Culkin picked three scenes from the Succession pilot script, self-taped an audition, and won the role. Speaking by phone from an undisclosed east coast location midway through production on the show’s second season, Culkin says: “I feel like I’m actually a pretty good dude and consider myself to be quite PC, so it’s been weird to play this sociopath who can do and say whatever he wants and never suffers any consequences. In real life, I wouldn’t want to get near Roman, but man, is it fun to pretend.”

‘Succession’s’ Inspirations and Settings

Creator Armstrong modeled Logan Roy and his fictional clan on an amalgamation of media dynasties including the Murdoch, Redstone, Mercer, Sinclair, and Disney families, as well as newspaper barons William Randolph Hearst, U.K. tabloid mogul Robert Maxwell, and Canadian publisher-felon Conrad Black. McKay found additional inspiration in Citizen Kane, Shakespeare, Neil LaBute films, and the Foxcatcher movie loosely inspired by millionaire murderer John Du Pont.

Around the time he started filming Succession, McKay also witnessed nepotism in action following the 2016 election. “It was kind of eerie to see Trump putting his daughter into a position of power in the White House and basically handing foreign policy over to his son-in-law,” he says. “For our opening scene in Succession, we’re in the dark, and we’re confused, and there’s this fear. I think all of that harmonizes on so many levels with things going on in the world.”

Nearly as compelling as the dysfunctional Logan family is the luxurious backdrop against which the characters’ predatory behavior unfolds. Shiv’s season one wedding was filmed at Eastnor Castle in England. Logan’s summerhouse in the Hamptons was originally built in the 1960s for Henry Ford’s grandson. A family banquet scene inspired by Joseph Stalin was shot on Otto Kahn’s Long Island estate as a stand-in for a Hungarian hunting lodge.

McKay says, “We felt it’s important to show these beautiful properties and beautiful meals, and yet for the people in this family, it’s not even worth commenting on because they’re obsessed with much darker ends. We’re not glorifying obscene wealth. If anything, you go ‘Thank god I’m not in this family or on that vacation because it doesn’t look fun. At all.’”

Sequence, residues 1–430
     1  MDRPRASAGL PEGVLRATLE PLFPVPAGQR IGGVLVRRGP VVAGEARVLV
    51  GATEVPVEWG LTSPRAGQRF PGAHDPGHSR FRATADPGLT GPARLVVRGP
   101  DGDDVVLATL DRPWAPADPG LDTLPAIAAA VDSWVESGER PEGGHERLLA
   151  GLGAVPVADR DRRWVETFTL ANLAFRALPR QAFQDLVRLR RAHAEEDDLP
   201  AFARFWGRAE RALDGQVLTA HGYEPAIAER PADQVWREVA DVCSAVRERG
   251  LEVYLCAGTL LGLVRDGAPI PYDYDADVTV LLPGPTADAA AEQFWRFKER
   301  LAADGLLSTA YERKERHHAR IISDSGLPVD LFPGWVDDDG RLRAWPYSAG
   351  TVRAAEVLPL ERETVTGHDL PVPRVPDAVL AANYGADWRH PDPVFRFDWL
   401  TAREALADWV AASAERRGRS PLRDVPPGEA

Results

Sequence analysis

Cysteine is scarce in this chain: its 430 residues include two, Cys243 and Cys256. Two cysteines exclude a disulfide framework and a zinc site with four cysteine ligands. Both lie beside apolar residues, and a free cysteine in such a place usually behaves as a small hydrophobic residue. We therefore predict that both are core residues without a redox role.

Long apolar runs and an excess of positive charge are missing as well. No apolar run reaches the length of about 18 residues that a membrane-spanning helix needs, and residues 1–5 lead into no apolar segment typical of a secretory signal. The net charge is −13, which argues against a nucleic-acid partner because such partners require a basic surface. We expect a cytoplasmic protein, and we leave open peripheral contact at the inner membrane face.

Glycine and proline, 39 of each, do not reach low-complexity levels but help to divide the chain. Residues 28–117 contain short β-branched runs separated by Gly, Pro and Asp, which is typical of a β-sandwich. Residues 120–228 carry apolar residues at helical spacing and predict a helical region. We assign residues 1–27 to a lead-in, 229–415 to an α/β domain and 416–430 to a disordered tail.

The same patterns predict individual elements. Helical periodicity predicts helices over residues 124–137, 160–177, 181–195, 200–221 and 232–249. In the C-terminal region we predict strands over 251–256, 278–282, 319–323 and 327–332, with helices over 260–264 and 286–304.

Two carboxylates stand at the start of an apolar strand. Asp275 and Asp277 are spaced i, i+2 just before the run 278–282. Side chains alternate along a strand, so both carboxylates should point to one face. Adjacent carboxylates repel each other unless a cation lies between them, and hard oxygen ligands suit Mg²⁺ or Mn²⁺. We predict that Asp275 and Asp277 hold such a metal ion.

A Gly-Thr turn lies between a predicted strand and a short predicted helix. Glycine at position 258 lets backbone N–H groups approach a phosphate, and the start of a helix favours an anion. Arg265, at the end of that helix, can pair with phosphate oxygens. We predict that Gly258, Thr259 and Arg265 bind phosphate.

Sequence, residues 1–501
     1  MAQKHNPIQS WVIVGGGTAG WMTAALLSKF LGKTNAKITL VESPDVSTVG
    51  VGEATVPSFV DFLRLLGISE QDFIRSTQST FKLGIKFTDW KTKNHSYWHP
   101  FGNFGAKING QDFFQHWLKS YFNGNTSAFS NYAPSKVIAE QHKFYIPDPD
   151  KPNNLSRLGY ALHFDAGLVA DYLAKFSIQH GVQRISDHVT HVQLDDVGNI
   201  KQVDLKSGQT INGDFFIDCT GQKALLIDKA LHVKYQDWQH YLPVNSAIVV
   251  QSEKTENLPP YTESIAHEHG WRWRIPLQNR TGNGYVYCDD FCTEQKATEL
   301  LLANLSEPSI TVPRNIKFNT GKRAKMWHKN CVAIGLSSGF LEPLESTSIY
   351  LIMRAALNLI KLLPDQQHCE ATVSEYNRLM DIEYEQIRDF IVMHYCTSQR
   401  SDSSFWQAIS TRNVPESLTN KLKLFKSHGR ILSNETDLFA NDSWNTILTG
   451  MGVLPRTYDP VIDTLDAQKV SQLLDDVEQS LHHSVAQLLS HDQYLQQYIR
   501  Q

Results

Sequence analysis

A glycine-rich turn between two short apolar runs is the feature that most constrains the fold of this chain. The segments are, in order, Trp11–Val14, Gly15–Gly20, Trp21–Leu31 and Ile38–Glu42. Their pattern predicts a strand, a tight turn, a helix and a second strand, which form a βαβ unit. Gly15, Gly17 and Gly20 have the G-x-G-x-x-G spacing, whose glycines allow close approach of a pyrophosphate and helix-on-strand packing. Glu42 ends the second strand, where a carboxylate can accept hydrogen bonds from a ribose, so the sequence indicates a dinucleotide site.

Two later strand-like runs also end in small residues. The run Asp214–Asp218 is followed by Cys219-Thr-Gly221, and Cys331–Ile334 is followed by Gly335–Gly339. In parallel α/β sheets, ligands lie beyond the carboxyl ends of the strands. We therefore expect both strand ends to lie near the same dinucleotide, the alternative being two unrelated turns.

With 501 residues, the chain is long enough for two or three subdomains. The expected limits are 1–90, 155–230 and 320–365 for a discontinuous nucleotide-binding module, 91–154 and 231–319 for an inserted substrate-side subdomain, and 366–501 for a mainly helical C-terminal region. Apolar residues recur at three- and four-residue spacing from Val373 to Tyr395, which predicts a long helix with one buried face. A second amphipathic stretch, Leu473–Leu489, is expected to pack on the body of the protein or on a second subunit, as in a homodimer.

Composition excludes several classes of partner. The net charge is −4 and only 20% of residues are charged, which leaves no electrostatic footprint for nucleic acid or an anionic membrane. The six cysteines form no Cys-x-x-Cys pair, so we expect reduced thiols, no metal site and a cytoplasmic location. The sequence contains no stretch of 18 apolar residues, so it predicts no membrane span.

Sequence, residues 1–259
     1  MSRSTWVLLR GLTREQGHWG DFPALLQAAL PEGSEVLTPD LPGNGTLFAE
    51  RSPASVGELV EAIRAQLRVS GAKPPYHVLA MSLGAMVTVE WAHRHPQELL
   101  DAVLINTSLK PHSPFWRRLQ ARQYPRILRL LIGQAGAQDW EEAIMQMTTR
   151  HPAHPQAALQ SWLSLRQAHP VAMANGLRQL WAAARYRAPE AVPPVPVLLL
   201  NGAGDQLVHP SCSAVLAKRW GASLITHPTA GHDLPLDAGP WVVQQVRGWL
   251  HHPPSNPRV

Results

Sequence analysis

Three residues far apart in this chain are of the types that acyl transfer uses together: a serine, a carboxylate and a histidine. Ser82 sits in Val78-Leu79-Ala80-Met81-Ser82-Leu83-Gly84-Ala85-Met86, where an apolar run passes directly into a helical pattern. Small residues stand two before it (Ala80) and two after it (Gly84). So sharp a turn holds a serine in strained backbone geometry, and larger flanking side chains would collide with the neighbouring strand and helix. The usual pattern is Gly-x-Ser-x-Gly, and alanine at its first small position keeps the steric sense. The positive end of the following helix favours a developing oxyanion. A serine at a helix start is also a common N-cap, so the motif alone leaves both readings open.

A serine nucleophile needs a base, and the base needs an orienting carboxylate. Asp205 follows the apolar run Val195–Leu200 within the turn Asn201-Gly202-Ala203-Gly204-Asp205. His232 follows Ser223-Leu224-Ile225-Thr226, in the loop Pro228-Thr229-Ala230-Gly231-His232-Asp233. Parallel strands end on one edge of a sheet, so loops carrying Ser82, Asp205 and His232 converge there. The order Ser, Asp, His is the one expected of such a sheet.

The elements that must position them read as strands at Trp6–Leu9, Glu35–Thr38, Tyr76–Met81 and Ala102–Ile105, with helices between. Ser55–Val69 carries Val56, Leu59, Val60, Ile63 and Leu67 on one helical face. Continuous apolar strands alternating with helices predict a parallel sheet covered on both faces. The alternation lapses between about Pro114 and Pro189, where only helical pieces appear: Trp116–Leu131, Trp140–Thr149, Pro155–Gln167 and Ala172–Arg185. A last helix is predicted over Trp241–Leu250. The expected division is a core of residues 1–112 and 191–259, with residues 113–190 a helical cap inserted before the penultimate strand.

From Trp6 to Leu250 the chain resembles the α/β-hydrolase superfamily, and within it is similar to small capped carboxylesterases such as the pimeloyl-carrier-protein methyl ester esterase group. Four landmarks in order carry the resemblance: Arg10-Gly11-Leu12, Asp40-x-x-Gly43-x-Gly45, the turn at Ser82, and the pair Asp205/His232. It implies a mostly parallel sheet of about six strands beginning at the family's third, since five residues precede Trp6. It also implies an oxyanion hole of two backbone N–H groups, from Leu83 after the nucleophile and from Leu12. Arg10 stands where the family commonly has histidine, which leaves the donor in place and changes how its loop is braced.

Succession Season 1, Episode 10
The wedding from the first season finale of “Succession.”
Colin Hutton/HBO

In season two, Logan Roy continues to play his children like chess pieces while plotting the acquisition of a rival family-owned news organization headed by Holly Hunter’s Rhea Jarrell. McKay says, “In the next few episodes you’ll see the contrast between Logan Roy’s empire and the Pierce family’s company, which has probably won some Pulitzer prizes and might own a paper like the Washington Post. The relationships between the children as they jockey for power, and then the Logan family going right into the legitimate heart of journalism and trying to buy it. That’s at the center of where we’re headed.”

Renewed last month for a third season, Succession provides a dramatically heightened case study in “behavioral economics,” as McKay sees it. “Corporate structures try to pretend that they’re not influenced by emotions, but they are,” McKay says. “It goes back to character, psychology, the distorted lenses through which every one of us views the world, versus mathematics, versus profits, versus the legal corporate structure. Pretty much every time, it’s going to be animal desire and the individual’s quest for power that ends up taking over. And the nice thing is, as storytellers, that allows us to get into nooks and crannies of the business world that would ordinarily be difficult to dramatize.”

Read Fortune’s ‘Succession’ Season 2 Recaps

Succession S2E5: Money Wins
Succession S2E4: The Gold Rush
Succession S2E3: Takeover Defense
Succession S2E2: Media Matters
Succession S2E1: Blood in the Water